The Brooklyn microgrid: blockchain-enabled community power
In Brooklyn, LO3 Energy has teamed up with Siemens to create a pilot microgrid using blockchain technology. Residents with solar panels can sell excess energy back to their neighbours, in a peer-to-peer transaction which takes advantage of blockchain.
In Brooklyn, LO3 Energy has teamed up with Siemens to create a pilot microgrid using blockchain technology. Residents with solar panels can sell excess energy back to their neighbours, in a peer-to-peer transaction which takes advantage of blockchain. Microgrids minimise the amount of energy lost through transmission; as an estimated 5% of electricity created in the US is lost in transit, microgrids provide an efficient alternative. The Brooklyn microgrid also economically benefits those who have installed solar panels and their local community.
New York-based start-up LO3 Energy’s TransActive Grid was first tested last year, on just one street. But it is growing in size, expanding into Brooklyn’s Gowanus and Park Slope neighbourhoods. “We've installed 50 meters through the Brooklyn neighborhood and are slogging through the regulatory process to be allowed to buy and sell energy legally in New York State,” says LO3 office manager Emily Petry. The TransActive Grid combines a meter and a computer, measuring both production and consumption then sharing the information so it can be acted upon. The decentralised application platform is cryptographically secure.
Blockchain works alongside this, and is expected to be become an important part of the energy matrix. The Brooklyn microgrid project is one of the first to test it. Blockchain is a shared ledger, which visibly groups transactions into blocks that are chain-linked chronologically. These blocks are verified, and cannot be altered or removed without changing every transaction within them. This makes them very secure, ensuring that both the traders and consumers are protected.
Clean, reliable, local energy
Together the TransActive Grid and blockchain are allowing the community to choose a green energy alternative. A secondary motive comes from the reliability of localised electricity sources. Since superstorm Sandy caused a series of blackouts across the US in 2012, the reliability of the grid has been called into question. Long transmission lines are not needed and can therefore not be damaged by increasingly regular extreme weather conditions. Thanks to LO3 Energy’s partnership with Siemens, the project includes a microgrid control system, allowing the electricity generated to be directed to hospitals, shelters and community centres when needed.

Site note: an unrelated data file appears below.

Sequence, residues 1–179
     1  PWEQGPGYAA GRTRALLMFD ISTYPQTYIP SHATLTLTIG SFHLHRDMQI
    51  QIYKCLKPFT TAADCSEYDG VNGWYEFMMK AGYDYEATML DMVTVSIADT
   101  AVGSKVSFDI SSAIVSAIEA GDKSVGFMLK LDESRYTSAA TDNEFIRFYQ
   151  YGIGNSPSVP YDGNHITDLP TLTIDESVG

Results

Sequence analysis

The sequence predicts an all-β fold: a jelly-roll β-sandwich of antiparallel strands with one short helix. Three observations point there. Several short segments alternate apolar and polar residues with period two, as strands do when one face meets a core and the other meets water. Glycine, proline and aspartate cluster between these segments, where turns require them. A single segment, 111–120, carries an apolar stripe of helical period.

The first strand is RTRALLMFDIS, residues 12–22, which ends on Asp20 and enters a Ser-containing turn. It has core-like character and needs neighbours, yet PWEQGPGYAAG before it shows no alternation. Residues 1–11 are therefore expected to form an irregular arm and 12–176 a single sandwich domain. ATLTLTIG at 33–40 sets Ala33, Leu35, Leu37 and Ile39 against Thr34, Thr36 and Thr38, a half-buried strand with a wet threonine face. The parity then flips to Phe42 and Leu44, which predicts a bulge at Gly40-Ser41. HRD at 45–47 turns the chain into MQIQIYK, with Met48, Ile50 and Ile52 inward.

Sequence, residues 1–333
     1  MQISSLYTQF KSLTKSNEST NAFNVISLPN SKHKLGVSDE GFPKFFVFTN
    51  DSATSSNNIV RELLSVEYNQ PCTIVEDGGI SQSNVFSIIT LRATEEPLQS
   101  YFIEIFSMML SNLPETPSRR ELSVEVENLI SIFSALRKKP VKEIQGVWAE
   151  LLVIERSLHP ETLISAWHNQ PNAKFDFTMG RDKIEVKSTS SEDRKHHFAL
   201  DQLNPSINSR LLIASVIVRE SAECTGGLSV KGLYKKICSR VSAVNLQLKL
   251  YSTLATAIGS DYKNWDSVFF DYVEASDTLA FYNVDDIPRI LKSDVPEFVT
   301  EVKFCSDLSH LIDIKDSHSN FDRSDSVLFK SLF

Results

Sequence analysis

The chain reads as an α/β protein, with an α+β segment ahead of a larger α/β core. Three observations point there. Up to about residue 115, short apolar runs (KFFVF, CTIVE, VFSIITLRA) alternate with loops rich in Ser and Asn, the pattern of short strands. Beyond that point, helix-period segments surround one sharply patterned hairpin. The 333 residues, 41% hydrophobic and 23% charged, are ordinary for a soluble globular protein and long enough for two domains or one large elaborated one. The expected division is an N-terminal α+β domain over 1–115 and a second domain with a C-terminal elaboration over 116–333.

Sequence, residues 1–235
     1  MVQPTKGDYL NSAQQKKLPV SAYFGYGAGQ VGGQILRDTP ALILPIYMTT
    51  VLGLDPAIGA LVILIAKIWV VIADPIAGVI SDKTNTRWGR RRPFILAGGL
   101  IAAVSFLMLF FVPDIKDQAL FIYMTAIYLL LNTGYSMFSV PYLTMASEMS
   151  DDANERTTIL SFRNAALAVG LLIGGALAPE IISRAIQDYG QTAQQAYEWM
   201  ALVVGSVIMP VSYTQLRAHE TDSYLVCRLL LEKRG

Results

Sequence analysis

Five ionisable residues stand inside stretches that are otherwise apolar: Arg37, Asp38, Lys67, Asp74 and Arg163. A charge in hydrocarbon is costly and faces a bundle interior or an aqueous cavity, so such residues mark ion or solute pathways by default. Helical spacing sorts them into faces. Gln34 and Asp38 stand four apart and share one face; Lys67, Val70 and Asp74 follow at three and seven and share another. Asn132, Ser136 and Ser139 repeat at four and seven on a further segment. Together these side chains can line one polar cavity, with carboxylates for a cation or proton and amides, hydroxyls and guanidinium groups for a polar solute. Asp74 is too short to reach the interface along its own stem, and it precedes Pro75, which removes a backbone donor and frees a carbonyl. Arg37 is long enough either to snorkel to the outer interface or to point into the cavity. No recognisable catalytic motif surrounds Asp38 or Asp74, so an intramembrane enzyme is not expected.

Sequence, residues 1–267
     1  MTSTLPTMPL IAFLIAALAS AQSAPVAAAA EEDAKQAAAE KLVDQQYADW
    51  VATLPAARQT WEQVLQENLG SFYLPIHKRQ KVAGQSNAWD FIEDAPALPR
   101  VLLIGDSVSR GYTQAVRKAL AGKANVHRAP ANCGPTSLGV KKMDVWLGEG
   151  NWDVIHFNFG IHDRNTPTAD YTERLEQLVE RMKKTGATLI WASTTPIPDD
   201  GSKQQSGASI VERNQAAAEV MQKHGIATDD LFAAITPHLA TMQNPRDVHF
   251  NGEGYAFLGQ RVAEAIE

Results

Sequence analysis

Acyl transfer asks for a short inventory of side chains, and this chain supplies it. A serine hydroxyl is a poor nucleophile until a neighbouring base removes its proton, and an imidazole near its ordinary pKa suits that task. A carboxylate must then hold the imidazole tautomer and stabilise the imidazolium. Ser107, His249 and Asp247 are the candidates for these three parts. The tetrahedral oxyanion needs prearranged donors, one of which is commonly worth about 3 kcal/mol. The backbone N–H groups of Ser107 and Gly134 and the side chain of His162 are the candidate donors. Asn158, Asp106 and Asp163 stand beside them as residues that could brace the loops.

Residents with photovoltaic panels (PV) have previously been able to sell excess energy to utility companies, but they could not profit from it. Instead they had money deducted from their bills, and remained subject to the utility company’s control. This meant that when there is a blackout in the area, despite the capability to create their own power, they would have their PVs switched off. With the microgrid there is no need for a utility company to act as an intermediary, leaving residents in control of their own power. In 2015 US solar developers contributed 7.3GW of electricity to the grid, up from just 1GW in 2010, and a quarter of this came from rooftop PV.
The Brooklyn microgrid is a small example of what could be a big change in the energy industry. Already LO3 is looking to expand the project, around America and beyond. “Each location has unique and regulatory considerations and we want to be educating regulators globally about the benefits resulting from blockchain in the electric grid,” says Petry. “Additionally, we want to be developing the right business models with forward looking partners so we are prepared to provide the services consumers are going to want in the distributed energy future.”As people search for reliable and environmentally-responsible sources of energy, localised microgrids with direct benefits to energy producers and their communities provides an exciting prospect.